Is Natural Gas “Clean Energy”?

It’s fair to say natural gas can be called “clean energy.” It can also be called cleaner energy. It really depends on your definition. Let’s take a look at how clean and sustainable natural gas really is.

Is natural gas clean energy?

Everyone has a different definition of “clean energy.” Natural gas has been referred to as a clean energy source, but it’s not entirely clean; however, it’s cleaner than many other options, such as coal and oil. By switching to natural gas from coal or oil, many countries would be able to significantly reduce (not eliminate) their emissions. Because natural gas is cleaner, it is often proposed as a compromise between dirty fossil fuels and renewable sources.

The word “clean” is used to denote different things in the energy community. As an example, “clean” coal isn’t truly clean; it’s just cleaner than regular coal. Natural gas would still be cleaner than “clean” coal, which just uses a variety of strategies to capture or store the greenhouse gasses produced.

Renewable sources still have some issues, in terms of adoption and feasibility. There are still adjustments being made in the sustainability of solar panel construction and the improvements necessary to make the technology more efficient. As sustainable energy does take hold, it’s hoped that the use of natural gas will be reduced.

How clean is natural gas?

According to the U.S. Energy Information Administration, natural gas is a relatively clean fuel.  Compared to many of the traditional and plentiful alternatives, natural gas produces fewer greenhouse gasses. 

Relativity is important when talking about what energy is “clean” and what energy isn’t. Natural gas produces about half the emissions of coal. It produces about three-quarters of the emissions of oil. But coal produces a lot of emissions. If you compare natural gas to something like wind power, it would not be considered clean. But because there are so many countries and so many power plants still on coal, natural gas is a better alternative to using extremely polluting materials. 

That being said, natural gas is not a renewable resource — which means even though it is cleaner than other types of energy, it’s still not a sustainable energy source. Eventually, different energy sources will need to be used. For now, natural gas is offered as a superior alternative to fuels such as oil and gas.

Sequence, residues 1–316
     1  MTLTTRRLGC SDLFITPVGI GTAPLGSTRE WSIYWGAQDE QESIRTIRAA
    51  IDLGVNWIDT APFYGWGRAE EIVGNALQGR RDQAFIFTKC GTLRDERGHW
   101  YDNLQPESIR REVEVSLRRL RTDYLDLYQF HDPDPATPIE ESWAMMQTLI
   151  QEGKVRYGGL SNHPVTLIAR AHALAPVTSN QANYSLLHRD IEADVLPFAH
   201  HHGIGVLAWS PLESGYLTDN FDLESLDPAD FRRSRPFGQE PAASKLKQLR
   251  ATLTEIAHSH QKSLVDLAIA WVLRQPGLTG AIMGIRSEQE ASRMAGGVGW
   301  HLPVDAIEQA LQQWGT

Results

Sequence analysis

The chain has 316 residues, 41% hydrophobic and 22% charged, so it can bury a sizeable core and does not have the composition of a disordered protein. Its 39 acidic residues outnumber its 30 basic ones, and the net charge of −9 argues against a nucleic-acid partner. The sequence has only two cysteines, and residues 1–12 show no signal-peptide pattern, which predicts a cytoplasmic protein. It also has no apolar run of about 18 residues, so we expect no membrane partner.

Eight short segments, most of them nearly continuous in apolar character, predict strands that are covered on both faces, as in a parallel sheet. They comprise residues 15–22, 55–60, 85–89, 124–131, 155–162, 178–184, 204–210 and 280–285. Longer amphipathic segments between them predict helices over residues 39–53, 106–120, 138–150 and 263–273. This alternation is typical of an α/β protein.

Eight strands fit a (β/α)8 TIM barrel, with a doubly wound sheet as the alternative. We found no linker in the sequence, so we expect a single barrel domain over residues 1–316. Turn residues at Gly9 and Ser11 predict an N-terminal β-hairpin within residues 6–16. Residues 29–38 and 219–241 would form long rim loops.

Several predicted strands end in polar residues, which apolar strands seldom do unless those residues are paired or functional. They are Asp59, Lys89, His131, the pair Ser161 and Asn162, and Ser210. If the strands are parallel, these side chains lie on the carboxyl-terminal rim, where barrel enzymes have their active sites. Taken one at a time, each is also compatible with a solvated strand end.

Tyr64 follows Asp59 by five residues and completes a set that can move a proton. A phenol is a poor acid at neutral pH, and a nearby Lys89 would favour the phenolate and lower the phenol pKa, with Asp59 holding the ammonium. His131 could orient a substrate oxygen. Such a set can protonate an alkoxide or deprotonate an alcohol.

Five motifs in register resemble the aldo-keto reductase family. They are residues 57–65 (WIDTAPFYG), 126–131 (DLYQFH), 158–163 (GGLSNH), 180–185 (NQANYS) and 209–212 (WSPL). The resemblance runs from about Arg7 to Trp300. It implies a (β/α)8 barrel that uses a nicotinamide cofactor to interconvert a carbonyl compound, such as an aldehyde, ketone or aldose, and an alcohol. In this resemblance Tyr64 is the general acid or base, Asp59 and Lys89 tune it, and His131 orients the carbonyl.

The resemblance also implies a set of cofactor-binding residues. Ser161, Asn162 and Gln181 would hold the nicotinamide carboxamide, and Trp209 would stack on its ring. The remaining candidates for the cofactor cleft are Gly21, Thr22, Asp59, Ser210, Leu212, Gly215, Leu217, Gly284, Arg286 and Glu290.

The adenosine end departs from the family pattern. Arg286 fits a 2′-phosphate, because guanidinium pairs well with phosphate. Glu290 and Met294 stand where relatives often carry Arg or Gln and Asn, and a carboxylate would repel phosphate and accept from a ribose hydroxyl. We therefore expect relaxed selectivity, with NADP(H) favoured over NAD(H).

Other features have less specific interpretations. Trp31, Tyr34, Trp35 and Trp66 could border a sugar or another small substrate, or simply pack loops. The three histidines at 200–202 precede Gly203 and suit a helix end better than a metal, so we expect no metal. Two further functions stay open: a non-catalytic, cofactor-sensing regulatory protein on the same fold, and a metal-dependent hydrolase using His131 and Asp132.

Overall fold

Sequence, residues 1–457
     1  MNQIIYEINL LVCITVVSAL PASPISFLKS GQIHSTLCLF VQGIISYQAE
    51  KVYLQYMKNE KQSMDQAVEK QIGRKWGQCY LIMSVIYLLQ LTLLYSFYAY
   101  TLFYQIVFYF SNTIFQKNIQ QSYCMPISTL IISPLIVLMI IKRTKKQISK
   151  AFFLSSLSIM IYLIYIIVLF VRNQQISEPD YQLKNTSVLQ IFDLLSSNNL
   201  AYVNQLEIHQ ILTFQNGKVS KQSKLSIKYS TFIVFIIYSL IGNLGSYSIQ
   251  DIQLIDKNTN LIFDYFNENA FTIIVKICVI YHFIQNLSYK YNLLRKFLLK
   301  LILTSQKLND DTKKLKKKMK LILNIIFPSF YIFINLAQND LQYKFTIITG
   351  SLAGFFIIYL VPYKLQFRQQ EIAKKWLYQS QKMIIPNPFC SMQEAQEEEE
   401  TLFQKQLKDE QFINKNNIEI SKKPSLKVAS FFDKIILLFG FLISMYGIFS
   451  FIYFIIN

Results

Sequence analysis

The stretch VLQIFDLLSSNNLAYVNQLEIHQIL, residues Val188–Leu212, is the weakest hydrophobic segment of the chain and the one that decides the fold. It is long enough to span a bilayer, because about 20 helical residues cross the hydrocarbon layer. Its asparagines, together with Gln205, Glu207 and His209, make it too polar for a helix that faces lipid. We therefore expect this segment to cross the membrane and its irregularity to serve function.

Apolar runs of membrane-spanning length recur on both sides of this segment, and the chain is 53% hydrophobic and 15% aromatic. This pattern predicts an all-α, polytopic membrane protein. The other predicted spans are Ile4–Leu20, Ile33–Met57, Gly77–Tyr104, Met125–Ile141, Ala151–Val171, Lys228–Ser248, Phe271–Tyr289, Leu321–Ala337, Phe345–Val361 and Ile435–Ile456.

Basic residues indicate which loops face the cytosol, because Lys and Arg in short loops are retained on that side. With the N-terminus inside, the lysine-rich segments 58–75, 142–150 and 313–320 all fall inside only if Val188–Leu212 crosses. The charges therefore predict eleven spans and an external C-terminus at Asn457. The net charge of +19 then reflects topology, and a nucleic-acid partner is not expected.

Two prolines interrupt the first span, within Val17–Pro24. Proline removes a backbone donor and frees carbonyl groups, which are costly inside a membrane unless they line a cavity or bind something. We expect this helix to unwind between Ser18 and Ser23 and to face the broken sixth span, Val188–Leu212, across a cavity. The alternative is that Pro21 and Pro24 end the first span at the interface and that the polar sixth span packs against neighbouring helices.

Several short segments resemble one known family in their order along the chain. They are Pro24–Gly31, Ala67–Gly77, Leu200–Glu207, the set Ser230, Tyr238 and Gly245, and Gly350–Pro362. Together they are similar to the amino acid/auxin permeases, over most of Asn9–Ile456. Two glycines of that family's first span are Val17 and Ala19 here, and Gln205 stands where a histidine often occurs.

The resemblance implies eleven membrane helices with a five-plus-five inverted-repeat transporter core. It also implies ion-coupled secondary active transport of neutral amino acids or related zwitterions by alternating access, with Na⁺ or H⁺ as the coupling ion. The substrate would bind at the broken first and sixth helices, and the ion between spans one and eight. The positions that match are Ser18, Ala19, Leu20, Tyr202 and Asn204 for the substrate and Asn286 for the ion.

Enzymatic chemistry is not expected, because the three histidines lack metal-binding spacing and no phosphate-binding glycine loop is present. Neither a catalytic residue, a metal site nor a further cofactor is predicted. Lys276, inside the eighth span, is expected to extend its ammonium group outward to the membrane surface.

Is natural gas a bridge to clean energy?

Because natural gas is so plentiful and readily available, it is seen as a more feasible way to reduce emissions. Communities can switch from coal to natural gas, rather than from coal power to hydropower, and experience a significant reduction in pollution.

But it can also be argued that a reliance on natural gas is discouraging truly sustainable adoption. Natural gas still produces more emissions than operating solar power, wind power, or hydropower farms (although, emissions are produced in the development of these technologies).

Whether natural gas is an effective bridge between “dirty energy” and “clean energy” has been controversial. But it’s not debated that natural gas doesproduce far fewer emissions than comparable amounts of coal and oil. 

The bottom line: Natural gas produces more emissions than either solar power or hydropower. Whether you call natural gas “clean” really depends on your definition of clean. But there are a lot of factors that are at play, such as the energy expenditures required to build solar plants or hydro plants. Compared to dirty fuels such as oil and coal, natural gas is absolutely cleaner— which is why many believe it’s a vital intermediate step between dirty fuels and entirely renewable energy sources.